By now, most Mammoth Lakes residents probably know someone who has recently been through the latest winter affliction to hit the area, the “norovirus,” sometimes called the winter vomiting disease and/or food poisoning.
It is not dangerous, most of the time, but it is a particularly nasty stomach virus most common in the winter when people are stuck together in small, enclosed spaces for long periods of time.
It is miserable, it is contagious, there is no cure nor vaccine, and unless you are living in an almost inhumanly clean environment, it is all too easy to get, according to the Center for Disease Control and Prevention. About one in every 15 Americans will get norovirus illness each year.
Symptoms begin with an upset stomach and move rapidly to cramping, vomiting, nausea, and diarrhea that can be intense and last for as long as 36 hours, according to the CDC.
It is sometimes, although not always, accompanied by a low-grade fever, fatigue, muscle aches and other similar symptoms.
Some people mistake it for the flu, but according to Dr. Rick Johnson, the public health official for Mono and Inyo counties, there is no relationship between the flu and the norovirus.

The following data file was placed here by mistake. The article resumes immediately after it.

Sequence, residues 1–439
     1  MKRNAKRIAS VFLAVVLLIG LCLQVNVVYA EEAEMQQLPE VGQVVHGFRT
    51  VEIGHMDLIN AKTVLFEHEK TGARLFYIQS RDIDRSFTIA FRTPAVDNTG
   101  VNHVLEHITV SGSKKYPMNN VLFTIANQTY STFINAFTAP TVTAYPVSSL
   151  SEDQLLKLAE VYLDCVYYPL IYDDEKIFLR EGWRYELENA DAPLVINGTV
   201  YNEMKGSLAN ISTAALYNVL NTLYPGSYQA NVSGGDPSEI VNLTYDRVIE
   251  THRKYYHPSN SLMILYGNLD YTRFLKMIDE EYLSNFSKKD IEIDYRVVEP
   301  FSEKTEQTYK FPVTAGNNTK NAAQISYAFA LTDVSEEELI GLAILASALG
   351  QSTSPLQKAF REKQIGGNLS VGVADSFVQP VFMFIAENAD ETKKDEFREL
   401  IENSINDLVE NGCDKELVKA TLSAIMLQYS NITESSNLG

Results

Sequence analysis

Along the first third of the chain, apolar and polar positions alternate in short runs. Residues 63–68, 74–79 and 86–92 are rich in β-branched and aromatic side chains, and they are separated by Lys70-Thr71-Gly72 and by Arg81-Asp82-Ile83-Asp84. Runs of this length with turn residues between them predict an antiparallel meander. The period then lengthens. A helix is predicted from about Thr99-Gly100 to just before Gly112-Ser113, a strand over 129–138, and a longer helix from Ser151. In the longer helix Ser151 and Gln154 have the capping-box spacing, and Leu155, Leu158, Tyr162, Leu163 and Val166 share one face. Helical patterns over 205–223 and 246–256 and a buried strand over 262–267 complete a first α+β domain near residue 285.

“The flu is primarily a respiratory disease, not a gastrointestinal disease, like the norovirus,” he said.
Another common name is “food poisoning,” but the CDC says that is not exactly right, either.
“You may hear norovirus illness called ‘food poisoning’ or ‘stomach flu,’” the CDC writes on its website. “It is true that food poisoning can be caused by noroviruses. But, other germs and chemicals can also cause food poisoning.”
“Norovirus is all about people in congregate settings,” Johnson said. “That’s why you hear about it on cruise ships, in nursing homes, and in prisons. But why doesn’t the Navy have severe outbreaks on ships at sea on deployment with thousands of sailors living in close quarters for months at a time? They are scrupulous about cleaning, and quickly isolating anyone who is sick. Besides, no one gets on or off the ship, so people are not bringing new bugs into this closed environment all the time like what happens here.
“Like any other disease, one of us has to go somewhere and bring it back, or visitors bring it here. There is nothing particular to our environment that makes it more or less of a risk here.
“So, wash your hands frequently, and stay out of circulation if you are sick!”
How do I get it?
How do I avoid it?
Source: Center for Disease Control